Highway plan would have smallest effect on fish habitat

Posted: Friday, December 03, 2004

KENAI - Upgrading the Sterling Highway near Cooper Landing by moving the road north across Juneau Creek probably would have the least impact on anadromous fish habitat of three alternatives, according to a report prepared for the state.

The project to redesign the road from Mile 45 to 60 has been a hot topic for several years.

State planners have said the road needs to be redesigned to meet federal standards. The estimated cost is more than $50 million and no money has been designated for it.

The section under review is a narrow two-lane road that winds through the Kenai Mountains along the Kenai River. Accidents are common and one involving a diesel tanker truck caused petroleum to leak into the river.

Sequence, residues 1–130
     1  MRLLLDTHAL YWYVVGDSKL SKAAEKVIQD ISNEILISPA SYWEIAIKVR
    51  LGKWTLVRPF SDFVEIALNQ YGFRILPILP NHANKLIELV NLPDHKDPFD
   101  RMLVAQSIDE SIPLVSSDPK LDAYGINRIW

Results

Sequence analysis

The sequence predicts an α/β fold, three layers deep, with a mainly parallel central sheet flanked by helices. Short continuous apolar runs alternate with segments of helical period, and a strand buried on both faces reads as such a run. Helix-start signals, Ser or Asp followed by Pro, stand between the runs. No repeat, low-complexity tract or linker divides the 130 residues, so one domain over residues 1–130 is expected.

The new report was compiled by HDR Alaska as part of its preparation of a supplemental environmental impact statement.

The report did not conclude which alternative would be most friendly to fish habitat. Alaska Department of Transportation project engineer Miriam Tanaka cautioned it is not the final word on the effect of potential alternatives.

"We're still in the process of developing the final document," Tanaka told the Peninsula Clarion.

Tanaka said the fisheries evaluation will be included in the final supplemental EIS, expected to be completed by next fall.

The study looked at streams that would be affected by each route. Most of the waterways were small tributaries and many were dry creek beds. The report noted that the information was collected in September, when the Kenai Peninsula was unusually dry.

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